On December 21, the Department of Homeland Security released the Alien Incarceration Report for Fiscal Year 2017. The report discloses the number of confirmed and suspected foreign-born inmates in the custody of the federal prison system, which includes the Bureau of Prisons (BOP) and the U.S. Marshals Service (USMS).
DHS reported a total of 58,766 "known or suspected" aliens in the custody of federal authorities. According to the Federal Bureau of Prisons, there are 184,379 total federal inmates, meaning that almost 32 percent of all federal inmates are aliens. The number of aliens in federal custody has risen since the last report: At that time, the Justice Department estimated that there were 42,000 aliens, representing 24 percent of the federal prison population.
Of the 58,766 "known or suspected" aliens, ICE could confirm that 37,557 (64 percent) are confirmed aliens, defined as meaning that they are non-citizens and foreign-born. From that group of 37,557 ICE-confirmed aliens, an astonishing 35,334 (94 percent) were illegally residing in the United States.
Prisoners known or suspected to be aliens are reviewed by ICE to determine their immigration status, and are placed into one of five categories:
- Under Investigation: Further investigation by ICE is required to confirm alienage and establish potential removability
- In Proceedings – Legal: Confirmed alien who is lawfully present in the United States, but has been charged as a removable alien; removal proceedings are ongoing
- In Proceedings – Illegal: Confirmed alien who is unlawfully present in the United States; removal proceedings are ongoing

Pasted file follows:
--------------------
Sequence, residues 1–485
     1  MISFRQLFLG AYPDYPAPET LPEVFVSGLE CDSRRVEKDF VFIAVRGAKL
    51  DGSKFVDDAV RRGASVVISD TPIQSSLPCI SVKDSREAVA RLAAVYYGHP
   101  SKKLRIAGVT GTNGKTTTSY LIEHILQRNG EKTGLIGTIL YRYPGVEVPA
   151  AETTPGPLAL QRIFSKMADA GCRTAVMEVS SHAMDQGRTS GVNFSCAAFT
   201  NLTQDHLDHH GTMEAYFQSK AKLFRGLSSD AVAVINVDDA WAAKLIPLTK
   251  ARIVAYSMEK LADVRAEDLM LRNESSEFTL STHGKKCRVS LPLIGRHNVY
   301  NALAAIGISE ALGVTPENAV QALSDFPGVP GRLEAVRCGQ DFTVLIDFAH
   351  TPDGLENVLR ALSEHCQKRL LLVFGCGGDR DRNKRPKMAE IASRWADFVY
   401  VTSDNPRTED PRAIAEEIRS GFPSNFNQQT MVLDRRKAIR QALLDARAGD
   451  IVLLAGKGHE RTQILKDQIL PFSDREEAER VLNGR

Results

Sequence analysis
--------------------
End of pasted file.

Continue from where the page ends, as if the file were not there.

- Subject to Final Order of Removal: Confirmed alien who is subject to a final order of removal
- Relief/Benefit: Confirmed alien who has been granted relief or protection from removal that would generally be considered lawful status
Of the known and suspected aliens under investigation by ICE, the vast majority (31,699) are confirmed as illegal aliens and awaiting removal from the country or are still under investigation (21,209).
Immigration courts found that only 10 aliens qualified for relief and will not face removal proceedings.
Open-borders advocates and the mainstream media frequently make the claim that aliens are less likely to commit crimes (see here, here, here, and here, for example). This data casts doubt on that assertion. Many of the aliens in federal custody are held for immigration violations, but that does not diminish the fact that a full 32 percent of federal prisoners are aliens, and that over 90 percent of those are in the country illegally.
As my colleague Jessica Vaughan wrote earlier this year:
These statistics ... confirm what every law enforcement agency in America already knows: Border security and immigration enforcement serve an important public safety function and cooperation between state, local, and federal law enforcement officers is essential to ensuring that deportable criminal aliens are removed from the country instead of released back into our communities. Further, these statistics undercut the argument of sanctuary policy proponents who argue that immigrants are more law-abiding than Americans and that they do not contribute to crime problems in our communities.
Those concluding remarks ring true for this same release.